"I like traveling and long walks on the beach,” said anyone who’s ever struggled to be interesting on a date.
We’ve all been there.
Finding interesting and exciting things to say about yourself isn't easy.
Any many experts will tell you that you should never, ever list examples of hobbies and interests on a resume.
What if I told you though that there are times when you should? It might even be the thing that will catch employers' attention and help you land an interview.
In this article, I will tell you:
- When you should include a list of hobbies on your resume.
- What hobbies in a resume work best.
- How to add examples of hobbies and interests to your resume.
Important: When you read the article, and you're still not sure how to put your hobbies on a resume, make sure you ask a question in the comments section.
Just remember a list of good hobbies for a resume is not mandatory. Place them at the bottom of the resume - let me show you an example.
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Why Put a List of Hobbies and Interests on a Resume?
Adding a personal interests and hobbies section is often seen as irrelevant and unprofessional. Yet, the culture is changing.
A lot of companies are no longer looking for mere minions to sit and drink coffee and answer phones all day. They want them to fit in with their work culture.
Take a look at this: Google hires people who are open and playful.
Because that's Google's work culture.
And Google wants new employees to fit in with their other workers and the culture of their office.
So, if you wanted to apply to Google, how could you let them know that you fit?
- Not putting a list of hobbies and interests on a resume.
- Listing "sports" and "film" in the hobbies and interests section of your resume.
- Carefully choosing unique hobbies for your resume that show that you are an open and playful person.
The correct answer is 3. Why?
If you want to work at Google, you should tailor your resume (check this infographic) so that your best hobbies match their work culture.
On the other hand, if you are applying to a buttoned-up accounting firm, you might want to skip putting examples of hobbies in your resume altogether.
How do you decide what is the best list of interests and hobbies to put on a CV? I'll show you everything step by step - just keep reading.
And if you want a quick way to check if your resume is good enough to land you that dream job, here’s a handy checklist for you: 46 Things You Need To Do Before You Send Your Resume. Give it a read once you’ve finished polishing up your resume.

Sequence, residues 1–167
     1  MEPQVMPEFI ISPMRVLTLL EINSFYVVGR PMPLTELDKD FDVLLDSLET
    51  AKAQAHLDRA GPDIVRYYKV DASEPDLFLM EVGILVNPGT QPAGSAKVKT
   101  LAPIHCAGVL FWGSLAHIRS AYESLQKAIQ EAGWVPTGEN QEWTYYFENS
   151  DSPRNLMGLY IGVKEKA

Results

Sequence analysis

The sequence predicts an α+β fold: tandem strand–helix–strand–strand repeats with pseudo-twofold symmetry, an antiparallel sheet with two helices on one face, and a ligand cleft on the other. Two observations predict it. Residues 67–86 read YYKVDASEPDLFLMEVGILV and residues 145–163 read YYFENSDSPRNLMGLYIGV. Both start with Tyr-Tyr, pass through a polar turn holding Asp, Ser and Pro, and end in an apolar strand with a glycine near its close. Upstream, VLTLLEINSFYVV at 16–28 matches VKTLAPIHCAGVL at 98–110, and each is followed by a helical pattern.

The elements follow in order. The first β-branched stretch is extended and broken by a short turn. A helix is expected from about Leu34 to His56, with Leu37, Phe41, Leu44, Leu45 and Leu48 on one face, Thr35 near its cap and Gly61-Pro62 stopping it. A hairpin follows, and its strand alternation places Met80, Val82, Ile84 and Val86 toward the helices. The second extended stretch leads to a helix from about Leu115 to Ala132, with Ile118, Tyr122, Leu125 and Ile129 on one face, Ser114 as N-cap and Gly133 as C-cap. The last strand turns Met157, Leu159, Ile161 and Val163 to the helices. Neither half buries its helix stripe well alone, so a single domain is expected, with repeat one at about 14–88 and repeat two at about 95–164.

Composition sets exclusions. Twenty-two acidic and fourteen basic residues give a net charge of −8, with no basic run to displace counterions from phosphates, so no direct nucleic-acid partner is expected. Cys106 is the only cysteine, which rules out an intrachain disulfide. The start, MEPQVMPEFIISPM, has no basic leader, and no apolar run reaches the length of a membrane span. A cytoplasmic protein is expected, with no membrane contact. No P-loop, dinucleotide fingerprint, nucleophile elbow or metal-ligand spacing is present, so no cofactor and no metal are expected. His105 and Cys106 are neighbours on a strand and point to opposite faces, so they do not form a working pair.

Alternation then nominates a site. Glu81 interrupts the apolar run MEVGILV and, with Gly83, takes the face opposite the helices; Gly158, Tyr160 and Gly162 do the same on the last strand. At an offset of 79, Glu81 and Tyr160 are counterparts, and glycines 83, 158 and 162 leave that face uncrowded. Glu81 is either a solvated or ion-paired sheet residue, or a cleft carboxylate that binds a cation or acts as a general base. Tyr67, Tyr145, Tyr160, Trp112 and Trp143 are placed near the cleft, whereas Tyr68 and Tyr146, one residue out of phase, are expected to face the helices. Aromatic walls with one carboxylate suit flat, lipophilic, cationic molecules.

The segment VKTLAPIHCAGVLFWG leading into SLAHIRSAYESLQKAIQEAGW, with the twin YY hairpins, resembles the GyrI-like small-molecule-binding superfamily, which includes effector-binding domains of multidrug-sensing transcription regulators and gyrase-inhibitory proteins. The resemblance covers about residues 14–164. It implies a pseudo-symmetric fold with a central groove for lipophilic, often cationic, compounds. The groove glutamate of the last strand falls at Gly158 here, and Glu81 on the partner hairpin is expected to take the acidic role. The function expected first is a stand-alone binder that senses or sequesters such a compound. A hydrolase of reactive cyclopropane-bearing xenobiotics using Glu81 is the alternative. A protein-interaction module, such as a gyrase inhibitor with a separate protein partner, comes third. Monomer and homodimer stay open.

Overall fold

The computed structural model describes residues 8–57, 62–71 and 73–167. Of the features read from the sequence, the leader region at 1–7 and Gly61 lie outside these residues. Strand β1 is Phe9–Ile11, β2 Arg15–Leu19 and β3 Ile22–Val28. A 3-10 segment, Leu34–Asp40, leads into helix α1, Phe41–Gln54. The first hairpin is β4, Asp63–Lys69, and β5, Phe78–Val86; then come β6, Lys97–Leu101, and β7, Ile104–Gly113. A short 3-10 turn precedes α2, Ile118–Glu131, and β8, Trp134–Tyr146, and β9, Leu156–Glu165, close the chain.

Here's What Your Hobbies and Interests Say About You
Here's the thing - most of the hobbies and interests you put on your resume will say something specific about you to the hiring manager.
So, selecting examples of hobbies for your resume is about choosing what aspects of your personality you want to emphasize and communicate.
7 examples of hobbies and interests on a resume:
- Individual Sports (Marathon Running) - You're fit and you enjoy challenges.
- Team Sports (Basketball) - You excel at teamwork and have leadership skills.
- Extreme Sports (Motocross) - A risk taker (bad for desk jobs).
- Tech Hobbies (Computing) - Tech savvy and introverted (not great for social jobs).
- Puzzles (Crosswords) - You're an analytical thinker with problem-solving skills.
- Games (Chess) - You're an intelligent strategist.
- Social Hobbies (Mentoring) - You communicate well and connect with others.
See what these hobbies can mean? Of course, there are thousands of examples of hobbies that you could put on your resume.
But you should always do your best to interest your hiring manager. That will give you a much better chance at landing an interview.
So how to choose examples of hobbies and interests for your resume? How can you show your hiring manager that you're a good fit?
Read on! I'll show you everything step by step.
Pro Tip: If you want to save time and find out how to write a resume for your profession, take a look at our guides and examples of resumes.
How to Find Good Interests to Put on Your Resume
A. Research the Company to Find Out What Personal Interests to Put on a Resume
You should always start by researching the company. Do they have a particular work culture?
Would they find a unique hobbies and interests section on your resume valuable?
Where should you look to find out what to put in your personal interests and hobbies section?
- Start with the job description. Most job offers will have a list of traits that companies wish the new employee to have.
- Second, take a quick look around their website. Especially pay attention to any employee profiles.
- Next, check social media accounts (LinkedIn/Twitter/Facebook).
- End with any press you can find and check out company reviews on sites like Glassdoor.
Make sure you also pay attention to the skills that will be useful for the new position. What are the best skills to put on a resume? Read our guide: What Skills to Put on a Resume? [Examples+ 6 Tips]
B. Choose Wisely - Personal Interests to Include on a Resume
When you choose examples of good hobbies to put on a CV, try to match them to desired personality traits.
If the job requires you to be “outgoing and a good team player,” sports are good hobbies to mention on your resume.
Leave out the bit where you like to sit alone in sweatpants knitting.
|Basketball (Team sport exhibiting both qualities.)||Stamp Collecting (Introverted, individualistic activity.)|
At the same time, do try to choose a variety of activities.
By providing a variety of unique activities, you can show that you are:
First, flexible enough to be comfortable in a lot of different situations.
Second, relatable to a range of different people.
Both are important, especially if you are applying for a client-facing position.